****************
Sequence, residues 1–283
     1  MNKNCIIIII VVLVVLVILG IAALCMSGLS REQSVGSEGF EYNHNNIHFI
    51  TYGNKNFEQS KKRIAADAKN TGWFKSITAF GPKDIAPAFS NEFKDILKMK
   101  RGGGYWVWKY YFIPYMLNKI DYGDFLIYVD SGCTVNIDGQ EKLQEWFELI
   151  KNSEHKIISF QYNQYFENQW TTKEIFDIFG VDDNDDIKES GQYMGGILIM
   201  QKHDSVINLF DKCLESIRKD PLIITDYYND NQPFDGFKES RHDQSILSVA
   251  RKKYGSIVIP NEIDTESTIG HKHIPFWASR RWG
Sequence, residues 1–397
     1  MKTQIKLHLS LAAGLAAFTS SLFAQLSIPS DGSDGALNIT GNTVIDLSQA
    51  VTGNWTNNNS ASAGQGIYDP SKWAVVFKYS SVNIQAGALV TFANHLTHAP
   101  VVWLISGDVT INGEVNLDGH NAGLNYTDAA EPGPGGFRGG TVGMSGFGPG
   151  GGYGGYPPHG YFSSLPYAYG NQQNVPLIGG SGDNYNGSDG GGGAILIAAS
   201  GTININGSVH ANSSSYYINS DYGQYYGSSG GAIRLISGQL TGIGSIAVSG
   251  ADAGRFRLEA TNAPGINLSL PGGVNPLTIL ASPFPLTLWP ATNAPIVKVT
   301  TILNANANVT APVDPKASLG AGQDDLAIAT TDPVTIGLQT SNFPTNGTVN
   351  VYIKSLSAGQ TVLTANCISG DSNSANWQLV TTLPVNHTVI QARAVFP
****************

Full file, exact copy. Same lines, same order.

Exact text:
Sequence, residues 1–283
     1  MNKNCIIIII VVLVVLVILG IAALCMSGLS REQSVGSEGF EYNHNNIHFI
    51  TYGNKNFEQS KKRIAADAKN TGWFKSITAF GPKDIAPAFS NEFKDILKMK
   101  RGGGYWVWKY YFIPYMLNKI DYGDFLIYVD SGCTVNIDGQ EKLQEWFELI
   151  KNSEHKIISF QYNQYFENQW TTKEIFDIFG VDDNDDIKES GQYMGGILIM
   201  QKHDSVINLF DKCLESIRKD PLIITDYYND NQPFDGFKES RHDQSILSVA
   251  RKKYGSIVIP NEIDTESTIG HKHIPFWASR RWG
Sequence, residues 1–397
     1  MKTQIKLHLS LAAGLAAFTS SLFAQLSIPS DGSDGALNIT GNTVIDLSQA
    51  VTGNWTNNNS ASAGQGIYDP SKWAVVFKYS SVNIQAGALV TFANHLTHAP
   101  VVWLISGDVT INGEVNLDGH NAGLNYTDAA EPGPGGFRGG TVGMSGFGPG
   151  GGYGGYPPHG YFSSLPYAYG NQQNVPLIGG SGDNYNGSDG GGGAILIAAS
   201  GTININGSVH ANSSSYYINS DYGQYYGSSG GAIRLISGQL TGIGSIAVSG
   251  ADAGRFRLEA TNAPGINLSL PGGVNPLTIL ASPFPLTLWP ATNAPIVKVT
   301  TILNANANVT APVDPKASLG AGQDDLAIAT TDPVTIGLQT SNFPTNGTVN
   351  VYIKSLSAGQ TVLTANCISG DSNSANWQLV TTLPVNHTVI QARAVFP